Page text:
#13 – Assess the pupils and let pupils evaluate themselves
Assessments should be part of traffic safety and mobility education at schools in order to guarantee that the pupils have gained the right knowledge, skills, behaviour and attitudes necessary to behave safely in traffic. This will furthermore allow for appropriate action to be taken if this is found not to be the case.
BEST PRACTICE EXAMPLES
Norway – Student Assessment as part of the 5E-Model
The Norwegian Council for Road Safety’s Model for Behaviour Modification (see Principle #11) promotes the so-called 5E model, which is a tool to support teachers in planning, implementation and evaluation of learning for the actively participating pupil. It is called the 5E model because all five pedagogical concepts start with the letter E: engage, explore, explain, elaborate, evaluate.
The word ‘evaluate’ is placed in the centre of the model because the purpose of the evaluation is to promote learning, and because evaluation occurs in all phases of teaching. The term evaluation covers three types of assessment: continuous evaluation (formative assessment), final evaluation (summative assessment) and self-assessment.
Evaluations must be conducted continuously, be varied and a natural part of the instruction given. It can be given orally and in writing. The pupils are to evaluate their own learning and understanding, as well as the quality of their own work. The teacher is to evaluate the pupils’ learning in relation to the learning outcomes in a given topic or project. The evaluation is to be related to the objectives in the curriculum, and it must provide feedback that supports the pupils’ learning.
Europe – Cycling Tests
All across Europe, pupils are tested for their skills in safely riding a bicycle.
Each spring in the Netherlands, pupils in the penultimate or final year of primary school are tested for both their theoretical knowledge about traffic, safety, and behaviour as well as their practical skills when riding a bicycle in traffic as part of a national cycling test. More than 85% of Dutch primary schools participate in the national cycling test. Data are collected via a score application and are valuable for schools as they can immediately get insights into what the pupils can still be taught with regards to traffic education.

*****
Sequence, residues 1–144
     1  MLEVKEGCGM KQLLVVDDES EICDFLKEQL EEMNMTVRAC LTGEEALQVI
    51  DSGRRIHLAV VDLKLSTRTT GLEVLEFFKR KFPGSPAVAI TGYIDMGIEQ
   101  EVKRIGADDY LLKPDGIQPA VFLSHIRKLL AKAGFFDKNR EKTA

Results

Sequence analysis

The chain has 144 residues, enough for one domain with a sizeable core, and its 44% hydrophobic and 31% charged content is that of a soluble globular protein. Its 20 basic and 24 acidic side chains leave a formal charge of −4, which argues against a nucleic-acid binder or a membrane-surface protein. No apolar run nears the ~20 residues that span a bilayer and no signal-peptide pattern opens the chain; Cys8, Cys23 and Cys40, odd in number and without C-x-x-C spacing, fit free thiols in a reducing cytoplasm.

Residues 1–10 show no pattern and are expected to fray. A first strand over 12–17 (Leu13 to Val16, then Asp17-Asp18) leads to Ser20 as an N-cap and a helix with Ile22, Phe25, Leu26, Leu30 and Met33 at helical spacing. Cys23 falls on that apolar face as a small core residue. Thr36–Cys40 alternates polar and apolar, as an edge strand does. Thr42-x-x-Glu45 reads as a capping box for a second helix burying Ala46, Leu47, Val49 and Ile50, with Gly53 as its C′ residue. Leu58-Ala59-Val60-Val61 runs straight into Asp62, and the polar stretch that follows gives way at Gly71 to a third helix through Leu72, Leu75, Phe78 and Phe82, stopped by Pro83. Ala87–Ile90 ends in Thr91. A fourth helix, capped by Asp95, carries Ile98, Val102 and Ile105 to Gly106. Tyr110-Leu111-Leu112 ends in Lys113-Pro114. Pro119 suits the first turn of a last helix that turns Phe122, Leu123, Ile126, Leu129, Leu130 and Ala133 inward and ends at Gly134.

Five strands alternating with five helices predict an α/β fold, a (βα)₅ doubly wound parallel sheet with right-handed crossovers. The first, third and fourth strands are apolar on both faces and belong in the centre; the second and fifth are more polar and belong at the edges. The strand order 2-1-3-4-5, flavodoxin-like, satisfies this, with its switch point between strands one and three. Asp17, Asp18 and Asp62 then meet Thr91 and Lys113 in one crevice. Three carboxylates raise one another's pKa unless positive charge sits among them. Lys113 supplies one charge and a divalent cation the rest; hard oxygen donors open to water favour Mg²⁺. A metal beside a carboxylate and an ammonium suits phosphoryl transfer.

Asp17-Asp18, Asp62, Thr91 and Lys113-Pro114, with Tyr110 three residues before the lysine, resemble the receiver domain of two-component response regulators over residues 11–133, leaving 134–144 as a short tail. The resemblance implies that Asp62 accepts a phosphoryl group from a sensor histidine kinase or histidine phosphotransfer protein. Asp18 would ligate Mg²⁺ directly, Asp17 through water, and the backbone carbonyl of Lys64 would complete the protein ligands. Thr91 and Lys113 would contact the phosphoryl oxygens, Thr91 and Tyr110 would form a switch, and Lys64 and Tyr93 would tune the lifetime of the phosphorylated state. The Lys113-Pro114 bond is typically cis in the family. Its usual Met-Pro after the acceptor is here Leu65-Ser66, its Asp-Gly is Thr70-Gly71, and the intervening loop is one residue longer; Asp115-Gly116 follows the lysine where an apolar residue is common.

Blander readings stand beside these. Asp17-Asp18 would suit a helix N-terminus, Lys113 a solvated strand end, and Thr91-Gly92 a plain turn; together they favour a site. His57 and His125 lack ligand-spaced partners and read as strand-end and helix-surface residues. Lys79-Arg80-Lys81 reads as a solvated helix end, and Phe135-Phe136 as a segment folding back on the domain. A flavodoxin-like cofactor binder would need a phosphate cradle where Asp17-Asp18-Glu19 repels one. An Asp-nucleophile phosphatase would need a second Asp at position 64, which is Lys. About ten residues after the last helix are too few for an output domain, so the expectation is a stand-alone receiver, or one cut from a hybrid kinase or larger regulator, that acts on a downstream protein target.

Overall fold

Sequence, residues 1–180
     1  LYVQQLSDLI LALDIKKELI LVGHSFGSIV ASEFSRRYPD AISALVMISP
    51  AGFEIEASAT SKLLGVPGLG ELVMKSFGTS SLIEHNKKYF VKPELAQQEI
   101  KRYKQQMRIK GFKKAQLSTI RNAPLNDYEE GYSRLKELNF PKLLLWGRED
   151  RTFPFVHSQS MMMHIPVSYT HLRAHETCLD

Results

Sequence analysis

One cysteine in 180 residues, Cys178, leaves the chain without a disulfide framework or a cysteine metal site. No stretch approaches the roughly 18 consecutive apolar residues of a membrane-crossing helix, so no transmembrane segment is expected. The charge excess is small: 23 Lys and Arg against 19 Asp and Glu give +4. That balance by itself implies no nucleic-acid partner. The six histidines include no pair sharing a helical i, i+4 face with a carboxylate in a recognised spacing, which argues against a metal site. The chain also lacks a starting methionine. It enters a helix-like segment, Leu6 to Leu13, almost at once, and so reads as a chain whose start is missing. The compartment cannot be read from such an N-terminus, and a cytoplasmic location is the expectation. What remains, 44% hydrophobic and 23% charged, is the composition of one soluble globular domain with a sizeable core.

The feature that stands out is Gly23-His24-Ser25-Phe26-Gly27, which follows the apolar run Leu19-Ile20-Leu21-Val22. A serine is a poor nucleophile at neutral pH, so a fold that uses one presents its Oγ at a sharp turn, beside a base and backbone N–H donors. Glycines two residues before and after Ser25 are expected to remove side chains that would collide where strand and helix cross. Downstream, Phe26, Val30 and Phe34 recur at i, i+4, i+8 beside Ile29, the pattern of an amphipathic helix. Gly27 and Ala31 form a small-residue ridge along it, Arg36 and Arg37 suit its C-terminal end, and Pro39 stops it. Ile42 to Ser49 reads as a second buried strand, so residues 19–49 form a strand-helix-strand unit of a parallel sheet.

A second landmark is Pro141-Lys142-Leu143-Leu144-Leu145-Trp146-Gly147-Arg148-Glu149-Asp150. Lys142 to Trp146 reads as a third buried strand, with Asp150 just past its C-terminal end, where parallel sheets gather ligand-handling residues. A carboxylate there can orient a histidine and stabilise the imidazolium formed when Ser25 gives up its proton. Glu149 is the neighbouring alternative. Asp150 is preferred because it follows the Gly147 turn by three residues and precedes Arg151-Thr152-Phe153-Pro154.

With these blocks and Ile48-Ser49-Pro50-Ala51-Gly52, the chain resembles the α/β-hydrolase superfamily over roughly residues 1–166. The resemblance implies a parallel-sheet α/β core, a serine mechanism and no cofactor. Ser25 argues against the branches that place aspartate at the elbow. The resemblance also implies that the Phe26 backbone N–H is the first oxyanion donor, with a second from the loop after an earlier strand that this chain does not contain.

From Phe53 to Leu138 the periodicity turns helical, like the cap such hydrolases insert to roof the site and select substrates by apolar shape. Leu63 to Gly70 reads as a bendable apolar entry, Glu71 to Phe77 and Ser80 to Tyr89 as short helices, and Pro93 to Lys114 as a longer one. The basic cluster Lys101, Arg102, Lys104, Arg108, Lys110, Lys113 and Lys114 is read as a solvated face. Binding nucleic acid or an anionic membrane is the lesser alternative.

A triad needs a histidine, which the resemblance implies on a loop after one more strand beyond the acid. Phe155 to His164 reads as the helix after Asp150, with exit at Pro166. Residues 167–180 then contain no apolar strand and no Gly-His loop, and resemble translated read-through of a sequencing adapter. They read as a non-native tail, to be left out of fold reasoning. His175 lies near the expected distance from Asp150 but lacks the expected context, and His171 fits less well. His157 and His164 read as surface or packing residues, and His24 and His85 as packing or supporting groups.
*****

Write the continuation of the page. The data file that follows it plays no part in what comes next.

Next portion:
In Flanders, pupils can attain gradual bicycle diplomas starting with a diploma for balance bicycles for kids in kindergartens, via bronze and silver, to finally the golden bicycle diploma, which is awarded to pupils in the final year of elementary school that pass the ‘Grand Cycling Test’. A similar graduated diploma scheme is available for pedestrians. Cycling and pedestrian tests and certificates also exist in Belgium’s Walloon region, albeit not as part of a graduated scheme.
Cycling tests are also done in Austria, Denmark, the Czech Republic, and Germany amongst others. In Norway, four organisations have collaborated to set up a website providing teachers with all the essential content on practical training as well as theoretical and practical tests.
The Netherlands: VVN, Het Nationaal VVN Verkeersexamen.
Flanders: Vlaamse Stichting Verkeerskunde (VSV), Het Grote Fietsexamen.
Wallonia: Wallonie mobilité, Education Mobilité et Sécurité routière (EMSR).
Austria: Österreichisches Jugendrotkreuz, Freiwilligen Radfahrprüfung.
Denmark: Sikker Trafik, Cyklistprøven (5. – 6. klasse).
Czech Republic: BESIP, Dopravní soutěž mladých cyklistů (10 – 16 years).
Germany: Deutsche Verkehrswacht, Radfahrerziehung in der Schule gewährleisten und weiter verbessern.
Norway: Trygg Trafikk, NAF, NCF, and SLF (n.d.), Sykkeldyktig.
Republika Srpska (Bosnia and Herzegovina) – National Road Safety Contest “Children in Traffic”
Every year, the Automobile Association of the Republic of Srpska, together with other road safety stakeholders, organises the national road safety contest “Children in traffic”. The contest includes a theoretical test assessing the pupil’s knowledge of the road safety rules as well as a practical test in which the pupils’ skills are assessed on a training ground.
In 2019, 194 teams totalling 776 pupils from 154 primary schools participated in the contest. The best teams were presented with a reward.
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